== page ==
March 29, 2007


The Saddle Club: No. 1, Horse Crazy; No. 2, Horse Shy; No. 3, Horse Sense; No. 4, Horse Power. By Bonnie Bryant. Yearling. $1.99 (No. 1); $4.99 each (Nos. 2-4).

      Girls who see horses as all splendor and glamour – lots of beauty and grace, no mucking out of stalls – will have a good time with The Saddle Club paperbacks. The first is offered at a special low price to introduce girls to the series, but it is in no way inferior (or superior) to succeeding volumes. It features best friends Carole Hanson and Stevie Lake, the top riders in their class at Pine Hollow Stables. The plot revolves around the arrival of a third girl, Lisa Atwood, whom the friends may or may not accept, depending on whether she can manage herself around horses. Lisa is book-smart but not people-smart or horse-smart: “When she was trying to figure out how to tack up a horse or make sense out of her classmates, everything was a hopeless muddle.” Lisa hits it off with Carole more quickly than with Stevie – Lisa and Stevie play some mean (but not too mean) tricks on each other because of what turn out to be misunderstandings. But thanks to some cooperation in math, of all things, all three girls end up fast friends, and that’s how the Saddle Club is born.

      The second through fourth books introduce some new characters and a certain degree of horse-related drama. Horse Shy focuses on a stuck-up, pampered rich girl named Veronica and her high-quality horse, Cobalt, which she pushes too far – resulting in broken bones for both horse and rider. For a horse, that kind of break is fatal, and Carole becomes deeply depressed because of the love she developed for Cobalt when she had a chance to ride him. Cobalt’s death reminds Carole of her mother’s death in some way, so she decides to give up riding – and it falls to Stevie and Lisa to pull her back into the love of horses that they all share.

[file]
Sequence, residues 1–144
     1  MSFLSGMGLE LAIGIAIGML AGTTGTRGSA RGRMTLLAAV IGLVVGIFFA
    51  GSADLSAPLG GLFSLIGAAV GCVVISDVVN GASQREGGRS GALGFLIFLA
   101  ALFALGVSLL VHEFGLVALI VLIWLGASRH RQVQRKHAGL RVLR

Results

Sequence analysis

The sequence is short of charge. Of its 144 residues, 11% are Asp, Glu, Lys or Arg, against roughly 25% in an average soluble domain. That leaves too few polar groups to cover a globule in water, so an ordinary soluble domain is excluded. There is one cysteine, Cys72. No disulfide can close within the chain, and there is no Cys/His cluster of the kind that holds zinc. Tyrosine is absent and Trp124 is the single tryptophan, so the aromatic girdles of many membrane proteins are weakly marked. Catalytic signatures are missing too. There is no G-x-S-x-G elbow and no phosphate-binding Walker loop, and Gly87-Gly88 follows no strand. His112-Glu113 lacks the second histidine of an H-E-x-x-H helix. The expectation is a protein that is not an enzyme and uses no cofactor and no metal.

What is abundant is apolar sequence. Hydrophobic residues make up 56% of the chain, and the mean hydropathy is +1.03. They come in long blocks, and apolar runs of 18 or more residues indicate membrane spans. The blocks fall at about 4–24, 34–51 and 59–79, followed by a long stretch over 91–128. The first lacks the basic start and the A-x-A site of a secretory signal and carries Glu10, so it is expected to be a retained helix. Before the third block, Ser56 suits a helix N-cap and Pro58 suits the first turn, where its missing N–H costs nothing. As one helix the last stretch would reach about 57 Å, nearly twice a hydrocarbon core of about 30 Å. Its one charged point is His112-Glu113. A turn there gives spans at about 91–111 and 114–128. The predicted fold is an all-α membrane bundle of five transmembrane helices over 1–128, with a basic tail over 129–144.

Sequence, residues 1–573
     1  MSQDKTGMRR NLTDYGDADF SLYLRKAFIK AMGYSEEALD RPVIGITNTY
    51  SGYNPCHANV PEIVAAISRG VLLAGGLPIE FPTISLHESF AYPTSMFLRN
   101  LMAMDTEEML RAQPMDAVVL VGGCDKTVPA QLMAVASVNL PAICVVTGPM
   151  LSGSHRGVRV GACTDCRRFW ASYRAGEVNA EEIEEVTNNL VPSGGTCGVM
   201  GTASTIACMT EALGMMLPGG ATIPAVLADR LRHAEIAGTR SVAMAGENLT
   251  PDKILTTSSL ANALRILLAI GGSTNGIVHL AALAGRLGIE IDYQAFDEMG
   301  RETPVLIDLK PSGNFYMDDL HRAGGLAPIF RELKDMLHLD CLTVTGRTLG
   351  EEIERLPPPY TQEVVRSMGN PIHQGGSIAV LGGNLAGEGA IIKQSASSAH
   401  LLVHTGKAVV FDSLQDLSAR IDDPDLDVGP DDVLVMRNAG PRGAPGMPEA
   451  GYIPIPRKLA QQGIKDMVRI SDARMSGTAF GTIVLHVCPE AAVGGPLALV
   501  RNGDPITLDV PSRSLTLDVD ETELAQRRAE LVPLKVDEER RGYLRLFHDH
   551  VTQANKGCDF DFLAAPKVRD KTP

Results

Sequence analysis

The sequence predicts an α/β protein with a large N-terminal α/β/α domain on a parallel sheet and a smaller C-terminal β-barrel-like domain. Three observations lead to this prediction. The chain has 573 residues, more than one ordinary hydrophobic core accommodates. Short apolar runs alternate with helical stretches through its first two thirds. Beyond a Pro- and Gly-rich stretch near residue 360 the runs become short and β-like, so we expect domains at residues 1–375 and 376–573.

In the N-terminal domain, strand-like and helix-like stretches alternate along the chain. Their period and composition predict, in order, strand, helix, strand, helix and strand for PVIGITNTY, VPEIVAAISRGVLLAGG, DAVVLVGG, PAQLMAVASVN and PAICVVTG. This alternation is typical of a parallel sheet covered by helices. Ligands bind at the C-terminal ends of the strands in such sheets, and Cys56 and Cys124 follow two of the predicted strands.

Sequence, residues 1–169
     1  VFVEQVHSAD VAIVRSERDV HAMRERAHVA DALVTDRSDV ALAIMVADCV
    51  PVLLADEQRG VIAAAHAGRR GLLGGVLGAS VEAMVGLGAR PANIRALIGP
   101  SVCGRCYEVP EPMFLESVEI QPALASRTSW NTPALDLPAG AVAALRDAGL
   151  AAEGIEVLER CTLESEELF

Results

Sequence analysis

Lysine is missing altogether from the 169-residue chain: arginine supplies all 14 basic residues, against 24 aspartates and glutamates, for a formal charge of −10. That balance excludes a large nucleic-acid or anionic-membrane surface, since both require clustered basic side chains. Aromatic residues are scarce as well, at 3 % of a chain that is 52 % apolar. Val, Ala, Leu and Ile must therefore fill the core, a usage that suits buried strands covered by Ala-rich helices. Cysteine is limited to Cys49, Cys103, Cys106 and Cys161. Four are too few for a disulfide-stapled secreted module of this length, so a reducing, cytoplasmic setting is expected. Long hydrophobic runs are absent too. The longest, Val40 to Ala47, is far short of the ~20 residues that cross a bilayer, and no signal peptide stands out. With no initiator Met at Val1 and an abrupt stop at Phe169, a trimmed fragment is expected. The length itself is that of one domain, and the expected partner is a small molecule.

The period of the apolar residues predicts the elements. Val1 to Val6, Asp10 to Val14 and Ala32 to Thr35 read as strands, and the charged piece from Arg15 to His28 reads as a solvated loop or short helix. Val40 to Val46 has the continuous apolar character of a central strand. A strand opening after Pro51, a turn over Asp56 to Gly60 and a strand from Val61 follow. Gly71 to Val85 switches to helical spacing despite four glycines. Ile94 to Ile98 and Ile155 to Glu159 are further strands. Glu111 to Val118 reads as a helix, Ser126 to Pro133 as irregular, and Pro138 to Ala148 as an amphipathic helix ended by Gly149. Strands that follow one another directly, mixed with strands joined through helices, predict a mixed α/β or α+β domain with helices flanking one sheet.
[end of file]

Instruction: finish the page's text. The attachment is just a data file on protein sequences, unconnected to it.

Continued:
Horse Sense has Lisa as odd girl out again: Stevie and Carole are so busy with various duties at Pine Hollow that they have little time for her. Lisa needs to convince her friends that the Saddle Club is as important as anything else they are doing. Then, in Horse Power, the club members decide they want a fourth person to join: Kate Devine, a championship rider. But then they discover that Kate doesn’t want to ride again – ever. And they have to help her through her emotional low points, until finally Carole can say to Kate, “You’ve rediscovered what’s fun about riding” – and the three friends become four.

      There’s nothing profound about these books, which even after four series entries have repeated themselves: the first and third have Lisa as outsider; the second and fourth involve someone deciding to stop riding and being persuaded to continue. The Saddle Club is ultimately about preteen friendship that just happens to revolve, in this series, around horses. The books are unpretentious, even simplistic, but they are pleasant escapism for girls who are equestriennes – or wish they could be.

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